Security researchers have developed an automated system for detecting Android apps that secretly connect to ad sites and user tracking sites. There are essentially two starkly different environments in which to download apps. The first is Apple’s app store, which carefully vets apps before allowing only those deemed fit to appear. The second is the Google Play store, which is more open because Google exercises a lighter touch in vetting apps, only excluding those that are obviously malicious.
But because Google Play is more open, the apps it offers span a much wider quality range. Many connect to ad-related sites and tracking sites while some connect to much more dubious sites that are associated with malware.
“There are over 1.2 million applications on the Google Play store today with a large number of competing applications for any given use or function. This creates challenges for users in selecting the right application,” said the report. Most Android users don’t know that some apps connect to tracking sites and ad-related sites. As a result, malware can seep inside or your personal details leaked without your knowledge or a warning. There should be no problem in avoiding this but most Android phone device owners really have no idea that something suspicious is happening.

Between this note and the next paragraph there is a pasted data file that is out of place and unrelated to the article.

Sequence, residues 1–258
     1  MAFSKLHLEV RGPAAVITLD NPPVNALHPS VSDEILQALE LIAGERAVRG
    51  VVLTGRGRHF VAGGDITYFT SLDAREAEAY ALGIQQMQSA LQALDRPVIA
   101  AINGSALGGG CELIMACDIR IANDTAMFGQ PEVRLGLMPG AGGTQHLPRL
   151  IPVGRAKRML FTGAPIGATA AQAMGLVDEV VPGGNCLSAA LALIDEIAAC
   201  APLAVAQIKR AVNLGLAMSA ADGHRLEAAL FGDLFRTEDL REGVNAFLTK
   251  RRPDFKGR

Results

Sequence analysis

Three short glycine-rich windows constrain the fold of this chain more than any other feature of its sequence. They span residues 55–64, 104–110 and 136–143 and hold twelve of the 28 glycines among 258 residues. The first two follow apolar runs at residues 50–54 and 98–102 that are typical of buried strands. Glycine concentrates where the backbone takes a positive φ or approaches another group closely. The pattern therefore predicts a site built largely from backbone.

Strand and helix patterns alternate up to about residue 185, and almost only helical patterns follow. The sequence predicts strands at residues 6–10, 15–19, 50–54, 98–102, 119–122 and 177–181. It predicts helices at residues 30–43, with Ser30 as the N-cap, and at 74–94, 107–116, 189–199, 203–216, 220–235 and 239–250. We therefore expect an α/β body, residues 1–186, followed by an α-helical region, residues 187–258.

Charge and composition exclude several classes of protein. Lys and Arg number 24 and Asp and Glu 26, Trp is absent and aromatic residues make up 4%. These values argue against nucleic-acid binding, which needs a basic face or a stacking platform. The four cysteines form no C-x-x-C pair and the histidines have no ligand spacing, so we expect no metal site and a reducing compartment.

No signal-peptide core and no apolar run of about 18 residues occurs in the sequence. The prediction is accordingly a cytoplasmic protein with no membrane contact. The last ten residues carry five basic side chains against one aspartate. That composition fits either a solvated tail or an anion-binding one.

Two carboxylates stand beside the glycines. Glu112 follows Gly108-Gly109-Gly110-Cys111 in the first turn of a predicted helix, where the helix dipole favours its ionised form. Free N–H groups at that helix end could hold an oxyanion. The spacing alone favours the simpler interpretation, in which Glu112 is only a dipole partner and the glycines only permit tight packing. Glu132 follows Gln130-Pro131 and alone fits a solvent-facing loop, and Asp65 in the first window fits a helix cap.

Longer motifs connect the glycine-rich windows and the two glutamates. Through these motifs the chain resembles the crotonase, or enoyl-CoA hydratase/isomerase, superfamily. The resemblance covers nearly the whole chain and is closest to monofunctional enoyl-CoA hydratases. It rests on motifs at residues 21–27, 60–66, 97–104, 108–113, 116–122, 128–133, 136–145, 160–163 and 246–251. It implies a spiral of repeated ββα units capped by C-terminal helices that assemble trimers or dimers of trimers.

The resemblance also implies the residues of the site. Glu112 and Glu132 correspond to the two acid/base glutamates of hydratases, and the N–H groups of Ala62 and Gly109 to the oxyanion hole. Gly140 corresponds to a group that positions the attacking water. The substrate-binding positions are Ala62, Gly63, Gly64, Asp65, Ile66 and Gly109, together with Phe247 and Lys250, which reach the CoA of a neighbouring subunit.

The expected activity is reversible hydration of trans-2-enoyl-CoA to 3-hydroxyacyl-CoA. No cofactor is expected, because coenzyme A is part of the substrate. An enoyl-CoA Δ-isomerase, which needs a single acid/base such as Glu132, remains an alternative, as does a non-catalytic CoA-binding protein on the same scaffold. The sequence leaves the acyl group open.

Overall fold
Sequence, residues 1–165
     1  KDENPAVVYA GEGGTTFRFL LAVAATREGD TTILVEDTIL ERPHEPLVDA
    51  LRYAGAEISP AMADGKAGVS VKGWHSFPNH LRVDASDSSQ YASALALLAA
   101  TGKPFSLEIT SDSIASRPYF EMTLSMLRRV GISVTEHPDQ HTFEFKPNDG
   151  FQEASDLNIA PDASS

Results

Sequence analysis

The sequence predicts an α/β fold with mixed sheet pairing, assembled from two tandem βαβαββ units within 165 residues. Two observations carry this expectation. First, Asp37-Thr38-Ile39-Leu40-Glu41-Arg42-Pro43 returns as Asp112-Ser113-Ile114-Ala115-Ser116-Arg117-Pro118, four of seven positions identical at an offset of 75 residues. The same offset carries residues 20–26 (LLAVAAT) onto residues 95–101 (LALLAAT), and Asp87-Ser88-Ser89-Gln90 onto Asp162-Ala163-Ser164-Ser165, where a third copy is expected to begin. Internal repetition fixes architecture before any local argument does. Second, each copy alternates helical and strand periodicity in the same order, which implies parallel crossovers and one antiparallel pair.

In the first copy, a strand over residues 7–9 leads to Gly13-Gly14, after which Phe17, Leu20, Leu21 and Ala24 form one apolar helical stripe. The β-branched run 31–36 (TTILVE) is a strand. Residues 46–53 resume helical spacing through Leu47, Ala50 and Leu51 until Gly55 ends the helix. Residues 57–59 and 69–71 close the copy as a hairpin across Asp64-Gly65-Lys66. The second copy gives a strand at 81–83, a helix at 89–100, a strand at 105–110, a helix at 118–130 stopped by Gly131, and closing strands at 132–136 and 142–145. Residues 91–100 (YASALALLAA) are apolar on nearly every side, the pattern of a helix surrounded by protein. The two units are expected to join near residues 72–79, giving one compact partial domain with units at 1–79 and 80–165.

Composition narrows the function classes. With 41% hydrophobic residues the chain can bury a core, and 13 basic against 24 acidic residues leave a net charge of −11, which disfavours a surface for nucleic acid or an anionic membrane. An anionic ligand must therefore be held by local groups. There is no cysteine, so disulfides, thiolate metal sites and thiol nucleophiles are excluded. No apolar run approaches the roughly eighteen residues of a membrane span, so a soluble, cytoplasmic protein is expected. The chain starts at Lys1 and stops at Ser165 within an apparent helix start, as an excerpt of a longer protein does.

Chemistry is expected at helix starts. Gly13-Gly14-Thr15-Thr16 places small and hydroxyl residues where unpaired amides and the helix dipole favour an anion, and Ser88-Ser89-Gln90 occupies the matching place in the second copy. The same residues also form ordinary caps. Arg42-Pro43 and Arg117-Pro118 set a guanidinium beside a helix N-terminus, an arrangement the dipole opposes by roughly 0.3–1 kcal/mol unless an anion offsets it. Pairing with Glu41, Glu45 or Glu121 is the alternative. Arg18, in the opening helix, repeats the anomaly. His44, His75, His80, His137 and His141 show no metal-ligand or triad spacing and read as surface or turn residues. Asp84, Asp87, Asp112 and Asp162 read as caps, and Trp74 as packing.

What if there’s a way to detect these annoying Android apps? Certainly, the mobile industry, or at least the Android market, will be a bit safer and more secure. Some French guys from Eurocome recently worked on a solution that would automate checking of malicious apps in Google Play. Sites the apps connect to are also checked. The result is that many apps connect outside without the knowledge of the owners.
Again, Google provided the most dominant tracking service applied on the Play Store, Google Analytics, but “in contrast to the results about ad-related destinations”, the researchers found “the mobile tracking ecosystem to be significantly more fragmented, with many more players”.
For many years, the Google Play Store only moderated apps after they had already gone live, in contrast to Apple, which has always acted as a rigid gatekeeper to its own mobile app store. But in March, the company shook up its store, introducing human moderators to check apps before they go live.